In a tumbler, muddle the fresh herbs. I used Basil and Thyme, but would also highly recommend using lavender, rosemary, and mint. Fill the glass with ice and add the lemonade. Stir to incorporate. Top off with the club soda. Add a straw (paper or biodegradable of course) and sip in the sunshine!
Since it’s summer time, elevate this grapefruit mocktail by grilling your grapefruit for a bit of smoky character. Don’t hesitate to char the rosemary before letting it mellow in the simple syrup either. Serve these up at a Sunday brunch end enjoy!
3 Tbsp. Grapefruit Juice
Juice of ½ lime
1 2inch piece of Cucumber
2 Tbsp. Rosemary Simple syrup
In a tumbler, combine the grapefruit juice, lime juice, and rosemary simple syrup over ice. Stir well to incorporate then top off with the club soda. Garnish with a strip of Cucumber and fresh rosemary.
Making Rosemary Simple Syrup
Combine equal parts water and sugar into a small pot. Use a 2-3 inch piece of fresh rosemary or 2 tbsp. dried and add to the pot. Bring to boil, stirring till the sugar dissolves, then reduce heat to medium low. Let simmer a few minutes more (3-5). Let cool then remove the rosemary. If you used dried rosemary, use a fine mesh strainer to remove the rosemary. Pour into an airtight container or glass bottle.
I wish I had coconuts on hand to drink this tropical combo out of, and maybe a hammock, and a tropical breeze. Someone just send me to the Caribbean. The sweet blend of pineapple with coconut water is mellowed by the quick bite of lime juice to balance it all out. Excuse me, an island state of mind is calling.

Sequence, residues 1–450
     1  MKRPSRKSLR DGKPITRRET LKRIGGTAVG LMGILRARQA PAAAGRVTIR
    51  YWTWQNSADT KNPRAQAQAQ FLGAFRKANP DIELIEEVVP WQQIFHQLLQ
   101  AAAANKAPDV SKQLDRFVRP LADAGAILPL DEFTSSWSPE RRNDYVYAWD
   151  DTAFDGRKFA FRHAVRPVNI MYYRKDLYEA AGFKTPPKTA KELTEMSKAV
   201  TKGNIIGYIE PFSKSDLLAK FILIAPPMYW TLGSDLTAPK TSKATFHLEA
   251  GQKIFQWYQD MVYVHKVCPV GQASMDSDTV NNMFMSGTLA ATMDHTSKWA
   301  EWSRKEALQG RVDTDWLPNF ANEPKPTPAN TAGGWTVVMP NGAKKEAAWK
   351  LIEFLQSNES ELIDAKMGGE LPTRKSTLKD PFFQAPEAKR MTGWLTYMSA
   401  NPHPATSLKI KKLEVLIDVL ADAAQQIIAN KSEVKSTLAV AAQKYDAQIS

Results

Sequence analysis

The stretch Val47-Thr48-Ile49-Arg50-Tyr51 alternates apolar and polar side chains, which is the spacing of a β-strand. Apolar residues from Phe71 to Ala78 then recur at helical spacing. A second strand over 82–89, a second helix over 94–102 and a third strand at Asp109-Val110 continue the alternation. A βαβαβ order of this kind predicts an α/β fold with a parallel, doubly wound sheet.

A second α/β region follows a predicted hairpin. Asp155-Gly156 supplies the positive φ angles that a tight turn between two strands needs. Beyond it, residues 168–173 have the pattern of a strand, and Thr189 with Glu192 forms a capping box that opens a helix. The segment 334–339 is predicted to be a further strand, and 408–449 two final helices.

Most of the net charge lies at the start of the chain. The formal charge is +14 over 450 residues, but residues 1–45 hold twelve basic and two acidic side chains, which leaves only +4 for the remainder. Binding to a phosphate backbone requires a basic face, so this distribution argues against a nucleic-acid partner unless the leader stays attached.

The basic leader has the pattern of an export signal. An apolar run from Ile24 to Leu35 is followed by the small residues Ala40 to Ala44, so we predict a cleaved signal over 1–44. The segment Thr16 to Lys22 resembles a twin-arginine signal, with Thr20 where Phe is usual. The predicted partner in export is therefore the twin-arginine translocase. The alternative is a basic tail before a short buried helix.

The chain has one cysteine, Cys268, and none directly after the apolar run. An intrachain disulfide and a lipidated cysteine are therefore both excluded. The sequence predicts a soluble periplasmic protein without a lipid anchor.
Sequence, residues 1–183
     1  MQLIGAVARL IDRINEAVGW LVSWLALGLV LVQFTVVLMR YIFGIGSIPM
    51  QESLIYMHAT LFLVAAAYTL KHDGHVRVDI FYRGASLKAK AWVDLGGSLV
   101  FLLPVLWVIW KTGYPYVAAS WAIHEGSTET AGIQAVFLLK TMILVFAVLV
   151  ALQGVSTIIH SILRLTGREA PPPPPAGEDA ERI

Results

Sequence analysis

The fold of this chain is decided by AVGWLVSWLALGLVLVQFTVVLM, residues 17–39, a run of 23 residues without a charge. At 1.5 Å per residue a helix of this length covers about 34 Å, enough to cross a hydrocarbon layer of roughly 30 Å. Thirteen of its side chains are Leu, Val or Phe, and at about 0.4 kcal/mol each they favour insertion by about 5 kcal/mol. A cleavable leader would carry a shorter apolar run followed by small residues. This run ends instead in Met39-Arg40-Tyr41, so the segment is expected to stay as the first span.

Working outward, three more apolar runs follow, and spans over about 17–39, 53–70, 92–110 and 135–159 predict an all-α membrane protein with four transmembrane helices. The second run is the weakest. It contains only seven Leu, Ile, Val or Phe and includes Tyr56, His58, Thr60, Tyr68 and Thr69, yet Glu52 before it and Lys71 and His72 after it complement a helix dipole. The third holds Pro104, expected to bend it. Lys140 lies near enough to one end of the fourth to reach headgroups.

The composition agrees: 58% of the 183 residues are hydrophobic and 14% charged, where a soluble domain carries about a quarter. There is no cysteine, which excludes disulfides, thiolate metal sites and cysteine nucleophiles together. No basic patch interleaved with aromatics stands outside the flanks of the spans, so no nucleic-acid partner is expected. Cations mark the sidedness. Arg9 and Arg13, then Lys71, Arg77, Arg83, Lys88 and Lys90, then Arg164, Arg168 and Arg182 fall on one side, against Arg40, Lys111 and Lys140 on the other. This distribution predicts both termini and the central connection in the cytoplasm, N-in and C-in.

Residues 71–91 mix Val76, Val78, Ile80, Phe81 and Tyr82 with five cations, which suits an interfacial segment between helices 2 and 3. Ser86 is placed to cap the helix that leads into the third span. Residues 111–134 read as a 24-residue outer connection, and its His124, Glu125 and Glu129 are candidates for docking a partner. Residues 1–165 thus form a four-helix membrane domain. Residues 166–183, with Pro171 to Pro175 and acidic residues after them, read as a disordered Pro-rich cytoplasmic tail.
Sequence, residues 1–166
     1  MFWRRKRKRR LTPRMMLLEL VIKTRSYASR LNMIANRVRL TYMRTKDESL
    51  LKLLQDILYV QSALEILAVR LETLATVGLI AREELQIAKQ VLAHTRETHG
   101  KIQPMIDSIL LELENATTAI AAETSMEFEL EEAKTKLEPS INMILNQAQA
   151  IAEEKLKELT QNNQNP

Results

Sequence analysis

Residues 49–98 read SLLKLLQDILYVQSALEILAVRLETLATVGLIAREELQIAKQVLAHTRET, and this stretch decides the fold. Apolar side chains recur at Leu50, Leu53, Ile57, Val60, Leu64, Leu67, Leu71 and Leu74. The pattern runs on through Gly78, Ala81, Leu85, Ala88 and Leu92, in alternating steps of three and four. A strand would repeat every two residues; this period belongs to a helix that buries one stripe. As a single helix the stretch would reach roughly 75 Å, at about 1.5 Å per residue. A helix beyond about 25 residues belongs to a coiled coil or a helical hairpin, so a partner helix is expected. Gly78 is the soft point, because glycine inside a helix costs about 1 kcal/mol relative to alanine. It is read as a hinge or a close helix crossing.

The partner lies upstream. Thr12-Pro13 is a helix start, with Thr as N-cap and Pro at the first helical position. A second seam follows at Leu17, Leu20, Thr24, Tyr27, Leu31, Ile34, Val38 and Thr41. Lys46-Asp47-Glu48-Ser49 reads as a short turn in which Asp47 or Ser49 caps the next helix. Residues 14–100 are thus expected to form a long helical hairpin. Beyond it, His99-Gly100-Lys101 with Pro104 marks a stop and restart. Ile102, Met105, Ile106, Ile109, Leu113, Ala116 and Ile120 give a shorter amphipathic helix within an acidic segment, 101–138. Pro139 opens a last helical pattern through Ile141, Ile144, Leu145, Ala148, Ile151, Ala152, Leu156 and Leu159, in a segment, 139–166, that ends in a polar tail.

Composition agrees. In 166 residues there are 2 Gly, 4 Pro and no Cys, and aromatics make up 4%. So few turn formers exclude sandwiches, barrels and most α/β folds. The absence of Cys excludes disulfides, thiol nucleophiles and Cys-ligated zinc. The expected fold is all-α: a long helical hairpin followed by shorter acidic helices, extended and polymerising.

2oz. Pineapple Juice
2oz. Lime Juice
In a tumbler (or better yet a coconut) pour the pineapple juice and lime juice over ice. Fill to the brim with coconut water and enjoy!
My challenge has ended since starting the research for this post, but the big takeaway from the whole experience is that sometimes you don’t want a drink. You want something to signify the end of your day. Something to sit back and sip on that says good job, you made it through and now it’s time to relax. Normally this would be a beer, a glass of wine, or on a bad day whiskey neat. However, by pushing myself to not have alcohol I found that these mocktails gave me the same satisfaction. Cheers!
Celebrating all that we raise, sip, guzzle, clink, drinks and most affectionately cheers with!